The figurative barrel of oil, the common measurement used in the industry, contains 42 gallons.

Of course, much depends on the price of oil. After prices hit a record near-$150 a barrel in mid-2008, they fell to about $30 by early 2009.

That slowed production, and fewer than 40 rigs were drilling in North Dakota for a time in 2009. That number has more than quadrupled this summer as prices largely have remained at $65 to $75 a barrel.

Early oil estimates

How much oil a geological formation generates is far greater than how much of that oil can be recovered, based on technology and the price of oil.

Wallace G. Dow, a 1964 graduate of UND’s geology department, made history in the early 1970s when his research on the Bakken formation, done for Amoco Oil, for the first time demonstrated how the type of rock in a geologic formation would produce a certain kind of oil.

He gave the paper first at a conference in Denver in 1970, Dow said from his home near Houston. where he still works in the oil business for EOG Resources, the largest oil producer in North Dakota.

In 1974, his paper was published in the oil industry’s leading journal and still is cited as precedent-setting, said Julie LeFever, geologist with the North Dakota Geological Survey and keeper of the state’s core sample library.

Dow figured the Bakken formation had generated 10 billion barrels of oil. But at the time, there was no economical way to get the oil out of the “tight” formation, using the technology of the times.

Dow, in fact, while working for Amoco in 1967, was the geologist on the first oil well that drilled down into the Bakken, he said.

That was before horizontal drilling was perfected in the state, and the vertical well produced 735 barrels a day, but closed down after about six months, Dow said in a recent interview.

There was no known way in 1967 to drill horizontally along the Bakken and fracture the rock formation to keep the oil flowing.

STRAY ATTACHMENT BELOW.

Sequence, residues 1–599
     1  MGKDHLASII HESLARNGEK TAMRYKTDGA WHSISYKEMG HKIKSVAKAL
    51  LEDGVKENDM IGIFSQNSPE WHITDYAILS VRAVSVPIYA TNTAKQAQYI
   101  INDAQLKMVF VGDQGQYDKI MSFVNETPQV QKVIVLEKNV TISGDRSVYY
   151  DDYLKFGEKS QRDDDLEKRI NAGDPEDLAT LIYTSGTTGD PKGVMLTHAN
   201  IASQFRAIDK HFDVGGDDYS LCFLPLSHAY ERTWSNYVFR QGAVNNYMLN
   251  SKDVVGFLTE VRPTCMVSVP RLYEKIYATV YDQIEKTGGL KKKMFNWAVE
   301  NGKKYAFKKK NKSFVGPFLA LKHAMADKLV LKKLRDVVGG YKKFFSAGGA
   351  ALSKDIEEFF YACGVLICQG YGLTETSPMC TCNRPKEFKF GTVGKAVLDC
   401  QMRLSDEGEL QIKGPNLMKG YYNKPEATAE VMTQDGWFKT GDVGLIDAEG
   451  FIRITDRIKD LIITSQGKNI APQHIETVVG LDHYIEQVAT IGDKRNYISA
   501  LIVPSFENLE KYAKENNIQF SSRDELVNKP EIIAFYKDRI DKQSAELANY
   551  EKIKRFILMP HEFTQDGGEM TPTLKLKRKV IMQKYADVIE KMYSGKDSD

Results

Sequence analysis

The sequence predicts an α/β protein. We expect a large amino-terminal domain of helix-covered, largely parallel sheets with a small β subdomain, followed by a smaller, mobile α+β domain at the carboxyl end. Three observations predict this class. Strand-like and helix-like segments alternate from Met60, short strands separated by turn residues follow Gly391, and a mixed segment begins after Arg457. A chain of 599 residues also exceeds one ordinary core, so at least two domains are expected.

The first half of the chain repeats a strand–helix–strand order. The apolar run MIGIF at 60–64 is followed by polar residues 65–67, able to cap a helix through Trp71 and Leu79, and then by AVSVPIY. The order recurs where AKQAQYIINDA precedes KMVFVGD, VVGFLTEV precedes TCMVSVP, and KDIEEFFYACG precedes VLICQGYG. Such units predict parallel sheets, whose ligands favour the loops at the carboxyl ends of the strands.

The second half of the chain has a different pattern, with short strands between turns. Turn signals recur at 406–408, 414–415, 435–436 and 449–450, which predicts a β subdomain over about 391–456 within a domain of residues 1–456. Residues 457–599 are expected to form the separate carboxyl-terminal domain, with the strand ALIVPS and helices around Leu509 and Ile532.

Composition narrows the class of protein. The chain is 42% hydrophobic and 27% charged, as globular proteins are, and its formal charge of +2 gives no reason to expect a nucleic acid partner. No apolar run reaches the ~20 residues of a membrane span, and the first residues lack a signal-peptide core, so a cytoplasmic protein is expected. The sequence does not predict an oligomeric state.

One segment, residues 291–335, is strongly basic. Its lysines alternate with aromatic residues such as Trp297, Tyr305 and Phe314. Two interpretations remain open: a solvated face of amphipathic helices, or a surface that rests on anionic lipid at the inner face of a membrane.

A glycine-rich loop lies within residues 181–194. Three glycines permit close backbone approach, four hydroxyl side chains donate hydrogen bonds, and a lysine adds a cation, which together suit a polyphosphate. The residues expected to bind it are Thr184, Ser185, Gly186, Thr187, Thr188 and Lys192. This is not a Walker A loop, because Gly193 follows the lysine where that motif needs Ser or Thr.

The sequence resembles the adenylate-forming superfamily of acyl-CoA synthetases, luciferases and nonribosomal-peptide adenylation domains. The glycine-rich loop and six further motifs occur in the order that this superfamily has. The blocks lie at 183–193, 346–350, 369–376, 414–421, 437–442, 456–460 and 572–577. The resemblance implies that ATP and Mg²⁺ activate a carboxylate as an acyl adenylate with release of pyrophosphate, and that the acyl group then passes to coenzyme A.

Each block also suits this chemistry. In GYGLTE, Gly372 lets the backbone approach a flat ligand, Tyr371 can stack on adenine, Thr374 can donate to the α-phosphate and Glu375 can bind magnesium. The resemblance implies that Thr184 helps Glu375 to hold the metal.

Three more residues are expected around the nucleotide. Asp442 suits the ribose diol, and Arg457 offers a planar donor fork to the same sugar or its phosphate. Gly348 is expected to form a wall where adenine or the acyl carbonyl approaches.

In the 1980s, geologist Leigh Price estimated the Bakken formation had generated 300 billion to 500 billion barrels of oil.

LeFever said she thinks the total oil generated in the Bakken is closer to 200 billion barrels.

The question of how much of that “oil in place,” could be recovered is debated. Estimates based on current technology suggest that 1 percent to 2 percent of the oil in the Bakken is recoverable.

Helms says if progress in oil drilling technology improves the next 10 or 20 years similarly to the way it’s improved the past 20 years, it’s not unreasonable to wonder what the state’s oil production might become.

In some oil producing regions, 10 percent or more of the oil is recovered. North Dakota’s Bakken is considered less amenable to drilling than most areas. But even if the percentage of oil recovered moves up to 3 or 4 percent of the total oil in place, that would effectively double the state’s production, Helms says.

And the Bakken already is rockin’, as the ubiquitous caps and T-shirts say, with annual production setting a string of records: 63 million barrels in 2008, 80 million last year and 100 million barrels a possibility this year.

Lee is at slee@gfherald.com